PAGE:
Generally, modern classifications of banana cultivars follow Simmonds and Shepherd's system. Cultivars are placed in groups based on the number of chromosomes they have and which species they are derived from.
The banana stalk produces one huge flower cluster and then dies. The stalk is usually cut off the plant when the bananas are plump and ready to ripen. Before it dies, there are a number of things the banana stalk can be used for.
The banana stalk is in the center of the plant. Video of the Day Crafts and Household Items In many countries, banana stalks are used to make a variety of household items.
Hats are another often-crafted item. Gum is used to hold the pieces together and varnish is applied to the outside of the hat to make it water-resistant. Soft parts of the banana plant are used on the inside for padding to make it comfortable to wear. Many homes have picture frames made from banana stalks.
Flower Arrangements and Decorations The soft part of the banana stalk is often used as a base for flower arrangements. For some occasions, leaves are stuck into the stalk to make arrangements.
For some weddings, the stalk as well as the plant is used as a decoration during the wedding ceremony. The arrangement symbolizes good wishes to the couple with the hope that their marriage is as fruitful as the banana plant.
Banana stalks can be an economical base for flower arrangements. Banana Stalk Artery in Food At the center of the upper trunk of the banana stalk is a water-filled, crisp, major artery. The artery can be cut into bite-sized pieces and tossed in a salad.
Orange slices, banana stalk and romaine lettuce make a tasty match-up. It can also be tossed into dishes as you would add root vegetables. Again, slice the artery into small pieces and throw it into soups, stews and meat dishes.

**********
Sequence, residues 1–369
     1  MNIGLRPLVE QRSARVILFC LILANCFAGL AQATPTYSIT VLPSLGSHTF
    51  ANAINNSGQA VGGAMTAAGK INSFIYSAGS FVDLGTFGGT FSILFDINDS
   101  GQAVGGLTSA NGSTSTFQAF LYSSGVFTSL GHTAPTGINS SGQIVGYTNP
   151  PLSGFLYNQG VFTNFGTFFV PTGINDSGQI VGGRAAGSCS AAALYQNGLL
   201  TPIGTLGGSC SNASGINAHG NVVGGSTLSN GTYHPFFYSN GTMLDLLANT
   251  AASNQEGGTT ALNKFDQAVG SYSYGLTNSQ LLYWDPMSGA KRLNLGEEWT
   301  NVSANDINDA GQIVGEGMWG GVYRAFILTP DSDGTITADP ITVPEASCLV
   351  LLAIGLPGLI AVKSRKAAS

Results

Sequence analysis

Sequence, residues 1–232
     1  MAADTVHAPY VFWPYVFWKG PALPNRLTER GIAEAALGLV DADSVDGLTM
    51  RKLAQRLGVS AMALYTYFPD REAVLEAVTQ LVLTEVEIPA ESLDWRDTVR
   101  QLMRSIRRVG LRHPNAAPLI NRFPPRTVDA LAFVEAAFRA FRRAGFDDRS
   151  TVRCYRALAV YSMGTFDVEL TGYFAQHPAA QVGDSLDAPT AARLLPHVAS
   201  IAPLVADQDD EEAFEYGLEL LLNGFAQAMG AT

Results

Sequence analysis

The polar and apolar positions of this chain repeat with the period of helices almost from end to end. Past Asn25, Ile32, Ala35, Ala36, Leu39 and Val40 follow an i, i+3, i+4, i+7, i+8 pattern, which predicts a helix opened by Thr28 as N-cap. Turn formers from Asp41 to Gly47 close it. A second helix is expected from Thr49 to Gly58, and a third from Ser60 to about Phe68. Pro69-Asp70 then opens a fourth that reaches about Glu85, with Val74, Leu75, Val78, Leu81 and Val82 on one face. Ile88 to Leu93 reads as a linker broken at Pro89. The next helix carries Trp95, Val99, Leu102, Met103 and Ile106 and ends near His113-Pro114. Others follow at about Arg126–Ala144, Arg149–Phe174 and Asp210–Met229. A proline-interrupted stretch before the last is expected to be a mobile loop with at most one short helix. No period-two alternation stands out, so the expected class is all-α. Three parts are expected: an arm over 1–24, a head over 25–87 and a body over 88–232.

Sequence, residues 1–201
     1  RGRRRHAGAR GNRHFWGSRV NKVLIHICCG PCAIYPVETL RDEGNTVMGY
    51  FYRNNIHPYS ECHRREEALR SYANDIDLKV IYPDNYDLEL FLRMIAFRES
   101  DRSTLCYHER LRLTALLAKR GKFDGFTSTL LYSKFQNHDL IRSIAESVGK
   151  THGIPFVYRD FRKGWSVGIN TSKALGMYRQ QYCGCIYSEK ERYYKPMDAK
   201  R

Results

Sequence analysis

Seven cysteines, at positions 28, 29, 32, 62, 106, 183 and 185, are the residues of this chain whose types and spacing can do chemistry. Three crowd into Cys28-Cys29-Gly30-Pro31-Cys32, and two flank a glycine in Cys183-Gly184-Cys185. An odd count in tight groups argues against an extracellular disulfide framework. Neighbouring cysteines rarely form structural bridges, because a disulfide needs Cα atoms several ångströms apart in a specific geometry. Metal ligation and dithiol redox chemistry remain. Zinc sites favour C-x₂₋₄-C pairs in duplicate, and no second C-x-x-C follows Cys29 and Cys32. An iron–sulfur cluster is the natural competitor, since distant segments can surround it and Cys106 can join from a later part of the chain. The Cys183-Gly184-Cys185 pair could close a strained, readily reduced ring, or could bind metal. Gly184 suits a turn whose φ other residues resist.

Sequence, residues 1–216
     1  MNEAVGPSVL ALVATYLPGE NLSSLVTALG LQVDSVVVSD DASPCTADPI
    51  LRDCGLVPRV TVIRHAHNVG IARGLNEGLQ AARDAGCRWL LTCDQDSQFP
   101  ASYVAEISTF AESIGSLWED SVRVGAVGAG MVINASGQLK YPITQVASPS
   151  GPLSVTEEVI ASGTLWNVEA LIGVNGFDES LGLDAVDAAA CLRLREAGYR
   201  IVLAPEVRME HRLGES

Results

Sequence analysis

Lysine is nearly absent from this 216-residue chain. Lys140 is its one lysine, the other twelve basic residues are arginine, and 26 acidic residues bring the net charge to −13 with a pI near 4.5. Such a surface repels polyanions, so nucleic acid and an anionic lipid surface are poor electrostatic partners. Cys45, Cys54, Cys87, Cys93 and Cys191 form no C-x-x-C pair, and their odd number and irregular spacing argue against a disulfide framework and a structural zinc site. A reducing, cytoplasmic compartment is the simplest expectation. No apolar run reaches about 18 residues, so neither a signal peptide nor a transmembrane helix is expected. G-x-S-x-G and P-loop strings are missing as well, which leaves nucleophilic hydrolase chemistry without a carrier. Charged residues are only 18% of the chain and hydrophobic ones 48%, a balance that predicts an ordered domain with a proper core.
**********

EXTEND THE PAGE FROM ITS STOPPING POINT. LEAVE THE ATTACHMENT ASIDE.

Similar to celery, the artery has little taste but a high water content. It is ideal in food for the texture it adds.
Banana stalks can add crunch to salalds. Compost Material Banana stalks can be used as compost material.Paper: Natural Fibers, Natural Colors, Natural Forms This workshop will explore papermaking from plants.
We’ll take three plant fibers from start to finish: snow-retted flax from Canada, banana stalk (same family as abaca), and Japanese kozo. B-Stalk Paper Background of the Study Paper is a felted sheet of usually fibers laid down on a fine screen from a water suspension.
It is commonly used by everyone especially students and employees for their activities, reports and quizzes. Banana paper is made from two different parts: the bark of the banana plant, mainly used for artistic purposes, or from the fibers of the stem and non-usable fruits.
The paper is either hand-made or by industrial process.
Cultural roles. We collect and recycle waste fiber materials such as coconut bark, corn husks, bamboo, banana stalk, pineapple husks, sugar cane, straw and cannabis (hemp) to make our pulp and paper based products. We also offer a variety of embellished papers that incorporate seeds, pine needles and leaves to make beautiful, natural, bleach and chlorine-free.
Uses of Banana Stalks; To make a banana stalk horse, strip off the leaves so you are left with the midrib of the banana plant and leave a small leaf attached for the horse's tail. Many countries use banana stalks to craft stick horses. How to Make Banana Paper.
You May Like; How to Speed Up Banana Ripening. A method of mass production of paper stock from banana stalk butts, said method comprising arranging the butts in parallel relation to each other and to a treatment line; rolling the parallel butts successively to the line and successively longitudinally conveying, without pause, the butts with the same end forward, along the entire line for.